The UK public's confidence on pensions seems to be returning but more needs to be done to make workers more aware of the benefits of company schemes.
The NAPF's latest Workplace Pension Survey shows that there has been a small but noticeable increase in the public's perception of pensions. The index now stands at +7 per cent, a clear improvement on the all time low score of +1 per cent which was recorded in December.
Amongst consumers already preparing for retirement by putting money away, pensions remained the preferred method of saving, with 39 per cent favouring them, compared with property (20 per cent) and ISAs (16 per cent).
This positive trend was continued when employees were asked what the most important benefit their employer can offer was, with pensions coming ahead of bonuses, flexible hours and holiday entitlement.
However, the NAPF believes more must be done to make people aware of company pension schemes and their benefits, both to individuals and the wider economy.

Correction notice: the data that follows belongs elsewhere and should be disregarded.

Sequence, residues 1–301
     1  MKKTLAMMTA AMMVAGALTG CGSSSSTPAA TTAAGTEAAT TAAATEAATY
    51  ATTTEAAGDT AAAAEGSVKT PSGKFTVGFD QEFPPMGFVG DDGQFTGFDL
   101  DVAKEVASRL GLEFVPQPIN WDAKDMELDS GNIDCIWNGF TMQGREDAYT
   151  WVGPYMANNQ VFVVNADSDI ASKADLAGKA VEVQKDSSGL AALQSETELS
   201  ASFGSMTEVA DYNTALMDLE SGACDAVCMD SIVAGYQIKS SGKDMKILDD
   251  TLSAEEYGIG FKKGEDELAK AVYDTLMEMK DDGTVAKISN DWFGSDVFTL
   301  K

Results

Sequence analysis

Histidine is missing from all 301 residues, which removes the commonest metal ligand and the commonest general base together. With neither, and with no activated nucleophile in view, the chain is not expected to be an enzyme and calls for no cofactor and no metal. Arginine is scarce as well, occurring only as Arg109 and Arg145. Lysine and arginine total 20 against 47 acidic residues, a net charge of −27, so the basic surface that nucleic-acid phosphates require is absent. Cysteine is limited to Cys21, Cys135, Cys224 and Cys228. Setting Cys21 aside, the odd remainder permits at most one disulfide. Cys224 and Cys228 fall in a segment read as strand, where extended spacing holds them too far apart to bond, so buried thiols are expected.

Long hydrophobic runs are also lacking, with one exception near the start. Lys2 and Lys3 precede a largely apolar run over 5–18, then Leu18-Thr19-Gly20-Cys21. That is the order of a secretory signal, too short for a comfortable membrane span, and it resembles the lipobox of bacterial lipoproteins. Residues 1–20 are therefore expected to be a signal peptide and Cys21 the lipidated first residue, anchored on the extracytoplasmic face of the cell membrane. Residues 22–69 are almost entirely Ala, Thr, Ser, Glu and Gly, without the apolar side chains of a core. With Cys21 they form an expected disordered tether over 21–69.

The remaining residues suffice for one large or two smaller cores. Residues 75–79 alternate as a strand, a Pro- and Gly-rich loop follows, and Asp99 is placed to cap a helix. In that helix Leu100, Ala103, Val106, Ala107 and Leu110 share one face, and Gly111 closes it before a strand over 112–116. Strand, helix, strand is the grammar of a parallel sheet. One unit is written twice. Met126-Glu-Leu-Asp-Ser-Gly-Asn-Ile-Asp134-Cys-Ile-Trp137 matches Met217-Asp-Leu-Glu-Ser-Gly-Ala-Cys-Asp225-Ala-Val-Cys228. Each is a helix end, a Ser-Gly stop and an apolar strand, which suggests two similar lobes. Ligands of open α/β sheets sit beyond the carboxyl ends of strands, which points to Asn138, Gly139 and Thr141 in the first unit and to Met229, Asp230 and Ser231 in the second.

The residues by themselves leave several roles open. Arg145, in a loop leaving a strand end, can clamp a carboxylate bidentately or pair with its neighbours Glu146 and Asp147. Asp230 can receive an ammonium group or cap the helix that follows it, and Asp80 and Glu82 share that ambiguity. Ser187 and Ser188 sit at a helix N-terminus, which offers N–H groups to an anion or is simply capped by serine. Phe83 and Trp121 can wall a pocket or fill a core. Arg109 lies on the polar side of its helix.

Of the estimated 4.7 million employees in the UK who choose not to join a company pension scheme, six in ten are unaware of how much their employer would contribute, while almost seven in ten (66 per cent) did not check whether a scheme was available to them when they joined their place of work.
"Building knowledge will go hand in hand with building confidence," said Joanne Segars, NAPF chief executive.
is will be especially important in the run up to 2012 when millions of people will be automatically enrolled into a pension for the first time.
is vital there is a co-ordinated campaign to build understanding and confidence. It should be led by the Government, and actively supported by the pensions industry, worker representatives and business."
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